Water Usage at Holy Cross Cemetery

South San Francisco, CA   June 15, 2015   Submitted by Holy Cross Cemetery  holy cross angel

Earlier this month, Governor Brown issued an Executive Order requiring significant reduction in water usage in response to ongoing drought conditions. In the order, the Governor specifically included institutional properties such as cemeteries. At the seven Catholic Cemeteries in the Archdiocese of San Francisco, water usage has been evaluated and certain conservation measures have already been put in place. Several of our cemeteries are using reclaimed or non-potable well water; others are not irrigated at all.

Holy Cross Cemetery in Colma is blessed to be situated above a deep aquifer and maintains its irrigation through the use of well water. Because the cemetery uses non-potable water, it is not covered by the recent Executive Order. Nonetheless, we believe that stewardship is an essential part of the ministry of our cemeteries and will continue to look for ways to reduce water usage and increase conservation. Last year, recognizing the ongoing drought status in California, Holy Cross in Colma
reduced its watering schedule from daily watering, resulting in a cutback in irrigation of approximately 30%. Additional conservation measures include replacing and updating sprinkler heads and nozzles and increasing tree planting to provide more shade cover and preserve moisture in the lawn areas. Holy Cross has begun a Memorial Tree program which allows members of the public to donate funds for tree planting; a memorial stone is placed by the tree which can honor a loved one.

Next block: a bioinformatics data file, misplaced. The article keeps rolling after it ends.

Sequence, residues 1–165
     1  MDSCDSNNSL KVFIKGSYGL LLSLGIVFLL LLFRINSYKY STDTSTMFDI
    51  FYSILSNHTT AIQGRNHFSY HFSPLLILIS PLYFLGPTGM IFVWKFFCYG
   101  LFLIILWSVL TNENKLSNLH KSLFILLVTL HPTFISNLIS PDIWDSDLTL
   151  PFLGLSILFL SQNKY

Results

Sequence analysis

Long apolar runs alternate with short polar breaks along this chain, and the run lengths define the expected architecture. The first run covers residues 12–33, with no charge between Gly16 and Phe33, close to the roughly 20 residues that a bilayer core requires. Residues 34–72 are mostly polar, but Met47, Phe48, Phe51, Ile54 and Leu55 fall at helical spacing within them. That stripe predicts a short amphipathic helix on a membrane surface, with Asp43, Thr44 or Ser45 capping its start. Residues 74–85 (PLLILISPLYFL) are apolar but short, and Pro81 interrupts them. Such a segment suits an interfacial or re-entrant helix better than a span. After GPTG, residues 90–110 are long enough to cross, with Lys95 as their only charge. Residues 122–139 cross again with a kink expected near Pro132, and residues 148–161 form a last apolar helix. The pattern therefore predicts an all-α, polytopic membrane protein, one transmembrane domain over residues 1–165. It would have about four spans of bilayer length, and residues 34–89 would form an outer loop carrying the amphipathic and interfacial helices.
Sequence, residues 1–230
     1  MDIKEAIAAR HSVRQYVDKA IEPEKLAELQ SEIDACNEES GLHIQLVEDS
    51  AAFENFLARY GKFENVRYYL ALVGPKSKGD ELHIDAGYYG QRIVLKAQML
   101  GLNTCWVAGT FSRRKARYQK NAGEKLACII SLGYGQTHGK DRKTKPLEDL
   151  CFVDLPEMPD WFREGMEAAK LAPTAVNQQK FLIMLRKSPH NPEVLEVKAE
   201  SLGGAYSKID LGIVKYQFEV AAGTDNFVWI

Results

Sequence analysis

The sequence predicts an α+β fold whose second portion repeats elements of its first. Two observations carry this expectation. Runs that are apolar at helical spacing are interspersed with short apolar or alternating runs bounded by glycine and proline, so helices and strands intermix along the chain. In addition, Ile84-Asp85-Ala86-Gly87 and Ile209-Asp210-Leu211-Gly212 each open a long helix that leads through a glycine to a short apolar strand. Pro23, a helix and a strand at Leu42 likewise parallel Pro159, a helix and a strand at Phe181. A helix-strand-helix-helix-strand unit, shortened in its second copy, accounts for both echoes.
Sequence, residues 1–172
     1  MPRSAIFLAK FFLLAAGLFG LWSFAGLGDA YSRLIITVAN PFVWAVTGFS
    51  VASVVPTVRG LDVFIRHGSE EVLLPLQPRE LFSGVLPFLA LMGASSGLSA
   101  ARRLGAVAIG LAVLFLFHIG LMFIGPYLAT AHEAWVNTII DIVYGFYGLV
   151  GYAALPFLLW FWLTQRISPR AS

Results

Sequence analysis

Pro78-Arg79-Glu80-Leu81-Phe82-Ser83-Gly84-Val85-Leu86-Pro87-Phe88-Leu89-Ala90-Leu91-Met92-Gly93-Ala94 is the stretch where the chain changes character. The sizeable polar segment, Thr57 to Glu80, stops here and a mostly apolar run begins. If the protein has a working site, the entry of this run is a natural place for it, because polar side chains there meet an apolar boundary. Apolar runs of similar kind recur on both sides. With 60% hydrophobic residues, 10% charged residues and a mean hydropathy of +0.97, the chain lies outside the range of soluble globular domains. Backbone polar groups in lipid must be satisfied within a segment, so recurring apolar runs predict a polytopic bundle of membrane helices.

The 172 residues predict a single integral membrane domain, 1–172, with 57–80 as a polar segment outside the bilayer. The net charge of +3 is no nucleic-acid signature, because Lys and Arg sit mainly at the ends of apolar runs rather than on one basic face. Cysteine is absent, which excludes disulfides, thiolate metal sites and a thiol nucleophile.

Visiting the cemetery is an important part of our Catholic tradition. At the Catholic Cemeteries, we strive to maintain a serene and beautiful environment that provides comfort and consolation to the thousands of visitors who come to the cemeteries to pray for loved ones. We will continue to work toward maintaining a balance between appearance and stewardship and we pray for God’s generous response to our state’s drought crisis.

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